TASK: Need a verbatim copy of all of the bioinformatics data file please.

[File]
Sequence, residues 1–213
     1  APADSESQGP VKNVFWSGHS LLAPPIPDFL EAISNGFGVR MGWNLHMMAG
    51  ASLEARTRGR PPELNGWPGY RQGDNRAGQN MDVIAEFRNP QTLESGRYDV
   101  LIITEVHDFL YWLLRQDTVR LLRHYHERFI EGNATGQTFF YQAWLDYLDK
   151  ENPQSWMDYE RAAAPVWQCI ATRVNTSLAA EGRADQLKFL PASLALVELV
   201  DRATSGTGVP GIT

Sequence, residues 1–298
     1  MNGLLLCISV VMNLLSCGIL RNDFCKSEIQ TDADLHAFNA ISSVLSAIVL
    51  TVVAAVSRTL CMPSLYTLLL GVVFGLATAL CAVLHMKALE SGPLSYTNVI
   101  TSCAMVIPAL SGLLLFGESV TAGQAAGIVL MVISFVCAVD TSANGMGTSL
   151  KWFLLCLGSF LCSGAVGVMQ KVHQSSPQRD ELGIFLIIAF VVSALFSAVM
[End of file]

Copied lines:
Sequence, residues 1–213
     1  APADSESQGP VKNVFWSGHS LLAPPIPDFL EAISNGFGVR MGWNLHMMAG
    51  ASLEARTRGR PPELNGWPGY RQGDNRAGQN MDVIAEFRNP QTLESGRYDV
   101  LIITEVHDFL YWLLRQDTVR LLRHYHERFI EGNATGQTFF YQAWLDYLDK
   151  ENPQSWMDYE RAAAPVWQCI ATRVNTSLAA EGRADQLKFL PASLALVELV
   201  DRATSGTGVP GIT

Sequence, residues 1–298
     1  MNGLLLCISV VMNLLSCGIL RNDFCKSEIQ TDADLHAFNA ISSVLSAIVL
    51  TVVAAVSRTL CMPSLYTLLL GVVFGLATAL CAVLHMKALE SGPLSYTNVI
   101  TSCAMVIPAL SGLLLFGESV TAGQAAGIVL MVISFVCAVD TSANGMGTSL
   151  KWFLLCLGSF LCSGAVGVMQ KVHQSSPQRD ELGIFLIIAF VVSALFSAVM